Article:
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Torch Song 

Activists ignite fiery protests.

Smoldering ruins are all that remain of a luxury home near a Phoenix nature preserve. Two hawks soar overhead, as clean-up crews sluggishly sift through the charred rubble.

A continent away, in the quiet Long Island community of Mount Sinai, a builder contemplates the fire-bombing of his construction site on former farmland.

And among majestic pines in Vail, Colo., citizens are still recovering from the 1998 arson of a large ski resort that caused $12 million in damage.

More than isolated incidents, these attacks--numbering nearly two-dozen since 1996--have a decidedly political point: according to those claiming responsibility, they're meant to highlight the environmental impact of urban sprawl. But to others, from homebuilders and FBI agents to mainstream ecology groups, such "eco-terrorist" actions simply result in pointless destruction.

"We unequivocally reject, abhor and condemn these acts of violence," says Alan Metrick, communications director for the Natural Resources Defense Council in Washington, D.C. "They draw attention away from the real concerns of a great majority of Americans."

A shadowy band called the Earth Liberation Front has admitted setting the Vail and Long Island fires. It's still unclear whether the Phoenix arsonist is acting alone. But notes left behind at nine local blazes since 1998--with property damage nearing $5 million--suggest the attacks are protesting rampant growth into the fragile desert.

The intense manhunt has even threatened press freedoms: In January, Phoenix New Times ran an interview with a guy claiming to be the arsonist. Later, Maricopa County prosecutors tried to strong-arm the paper into turning over the alleged perp's name. Luckily, Judge Frank Galati of the County Superior Court quickly upheld the time-honored tradition--in Arizona at least--of allowing reporters to keep confidential sources confidential. "This is not a close question," Galati said.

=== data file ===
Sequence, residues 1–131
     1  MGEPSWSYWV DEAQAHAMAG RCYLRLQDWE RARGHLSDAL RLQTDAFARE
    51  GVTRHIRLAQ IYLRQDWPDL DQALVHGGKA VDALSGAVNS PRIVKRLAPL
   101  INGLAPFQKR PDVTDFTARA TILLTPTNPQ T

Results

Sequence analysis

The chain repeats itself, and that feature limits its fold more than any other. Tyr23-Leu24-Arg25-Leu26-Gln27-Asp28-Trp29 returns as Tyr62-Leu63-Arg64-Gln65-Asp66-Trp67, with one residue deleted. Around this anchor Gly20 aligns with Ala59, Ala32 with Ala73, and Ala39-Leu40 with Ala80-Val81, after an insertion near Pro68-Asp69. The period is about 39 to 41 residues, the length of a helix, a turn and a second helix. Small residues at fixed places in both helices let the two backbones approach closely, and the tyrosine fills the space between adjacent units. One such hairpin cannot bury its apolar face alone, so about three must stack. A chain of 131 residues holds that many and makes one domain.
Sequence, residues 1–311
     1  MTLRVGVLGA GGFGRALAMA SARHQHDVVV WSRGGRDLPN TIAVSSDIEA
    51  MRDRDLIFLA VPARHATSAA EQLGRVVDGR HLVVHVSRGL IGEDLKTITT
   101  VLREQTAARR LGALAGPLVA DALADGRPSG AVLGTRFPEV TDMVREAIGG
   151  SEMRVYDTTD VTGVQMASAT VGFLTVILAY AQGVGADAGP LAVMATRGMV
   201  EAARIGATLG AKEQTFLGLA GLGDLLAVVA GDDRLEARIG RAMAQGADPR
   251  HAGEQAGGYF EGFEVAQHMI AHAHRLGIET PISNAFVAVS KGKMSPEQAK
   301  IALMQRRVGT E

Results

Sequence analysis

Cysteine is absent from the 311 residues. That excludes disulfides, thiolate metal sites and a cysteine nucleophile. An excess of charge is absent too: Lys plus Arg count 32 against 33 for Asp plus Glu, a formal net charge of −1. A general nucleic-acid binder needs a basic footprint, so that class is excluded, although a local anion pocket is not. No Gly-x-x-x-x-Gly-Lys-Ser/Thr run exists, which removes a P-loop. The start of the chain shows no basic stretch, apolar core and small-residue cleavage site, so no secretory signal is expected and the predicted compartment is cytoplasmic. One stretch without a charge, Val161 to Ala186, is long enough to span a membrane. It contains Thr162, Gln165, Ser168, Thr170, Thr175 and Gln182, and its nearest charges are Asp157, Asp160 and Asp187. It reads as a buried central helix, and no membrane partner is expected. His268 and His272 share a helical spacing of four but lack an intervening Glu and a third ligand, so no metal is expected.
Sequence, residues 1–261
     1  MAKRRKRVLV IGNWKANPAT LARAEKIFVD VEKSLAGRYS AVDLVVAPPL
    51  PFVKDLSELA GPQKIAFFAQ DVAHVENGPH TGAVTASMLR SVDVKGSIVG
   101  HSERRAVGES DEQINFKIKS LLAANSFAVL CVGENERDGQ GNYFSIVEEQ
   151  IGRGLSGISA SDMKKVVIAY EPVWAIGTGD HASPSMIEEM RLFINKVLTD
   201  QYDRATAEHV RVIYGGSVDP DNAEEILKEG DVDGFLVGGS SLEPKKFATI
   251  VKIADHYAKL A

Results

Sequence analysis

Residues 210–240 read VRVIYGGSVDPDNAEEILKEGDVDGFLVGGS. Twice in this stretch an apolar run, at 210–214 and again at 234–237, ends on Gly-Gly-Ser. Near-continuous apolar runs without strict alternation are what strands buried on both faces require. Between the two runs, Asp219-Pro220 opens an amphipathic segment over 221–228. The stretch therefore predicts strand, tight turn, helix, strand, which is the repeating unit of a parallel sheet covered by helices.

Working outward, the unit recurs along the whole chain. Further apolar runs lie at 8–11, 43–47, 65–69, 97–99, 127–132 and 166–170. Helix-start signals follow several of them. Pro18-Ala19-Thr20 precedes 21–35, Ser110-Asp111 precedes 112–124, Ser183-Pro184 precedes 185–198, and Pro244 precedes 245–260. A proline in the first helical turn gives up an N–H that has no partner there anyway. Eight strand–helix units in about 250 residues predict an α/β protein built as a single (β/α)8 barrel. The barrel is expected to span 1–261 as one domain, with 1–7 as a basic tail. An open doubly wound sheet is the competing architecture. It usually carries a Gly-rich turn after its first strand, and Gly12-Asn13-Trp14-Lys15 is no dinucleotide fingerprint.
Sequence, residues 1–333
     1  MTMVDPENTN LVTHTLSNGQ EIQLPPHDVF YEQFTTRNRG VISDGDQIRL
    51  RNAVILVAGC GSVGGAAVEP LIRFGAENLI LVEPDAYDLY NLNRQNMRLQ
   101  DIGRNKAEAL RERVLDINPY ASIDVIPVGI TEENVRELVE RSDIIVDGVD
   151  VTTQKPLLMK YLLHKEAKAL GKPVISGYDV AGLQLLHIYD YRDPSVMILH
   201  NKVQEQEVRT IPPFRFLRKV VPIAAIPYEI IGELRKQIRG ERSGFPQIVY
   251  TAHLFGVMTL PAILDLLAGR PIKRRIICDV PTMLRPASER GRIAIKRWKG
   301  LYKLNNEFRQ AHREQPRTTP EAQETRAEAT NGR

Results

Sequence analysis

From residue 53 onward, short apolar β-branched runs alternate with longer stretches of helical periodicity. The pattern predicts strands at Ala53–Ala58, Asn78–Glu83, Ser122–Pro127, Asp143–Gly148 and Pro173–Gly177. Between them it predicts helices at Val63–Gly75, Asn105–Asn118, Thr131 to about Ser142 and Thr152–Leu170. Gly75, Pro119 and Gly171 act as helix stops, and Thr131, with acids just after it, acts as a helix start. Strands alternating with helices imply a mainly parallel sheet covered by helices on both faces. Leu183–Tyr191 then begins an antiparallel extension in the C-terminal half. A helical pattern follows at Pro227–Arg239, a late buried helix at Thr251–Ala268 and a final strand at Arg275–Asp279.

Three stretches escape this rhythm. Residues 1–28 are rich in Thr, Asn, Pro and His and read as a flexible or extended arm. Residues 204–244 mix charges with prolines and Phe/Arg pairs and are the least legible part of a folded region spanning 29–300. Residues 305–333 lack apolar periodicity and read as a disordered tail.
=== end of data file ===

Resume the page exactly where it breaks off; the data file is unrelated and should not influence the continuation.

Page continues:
But that doesn't ease the concern of other environmentalists, who feel that the property attacks will prompt Mom and Pop America to paint all environmentalists as destructive firebrands.

"To me, these actions are more about arson than about the bigger environmental picture," says Sandy Bahr, legislative liaison for Arizona's Sierra Club chapter. "They make it more of a challenge for us because, unfortunately, we all get lumped together in the eyes of the public."

Lesliejames Pickering, an ELF spokesman in Portland, Ore., begs to differ. And he says public opinion is irrelevant to the group's activities. "Their goals aren't oriented around gaining public support for what they do."

Instead, "the ELF is focused upon simply exposing issues to the public, and causing economic damage to corporations and entities that profit from destruction of the natural environment," Pickering says. "And they want to send a message to these corporations that as long as they continue, there are going to be people in the ELF and other groups taking actions to stop them by whatever means necessary."

While the overall affect on sprawl seems negligible, such acts "are certainly an escalation," says Peter Goudinoff, a UA professor who studies American political movements. "It demonstrates a complete lack of trust in the non-violent process."

But Goudinoff says violent movements in the United States rarely advance any causes. "If you look at the history of the labor movement, violence really hasn't helped them historically. With the anti-abortion movement, clinic bombings and things like that haven't helped them.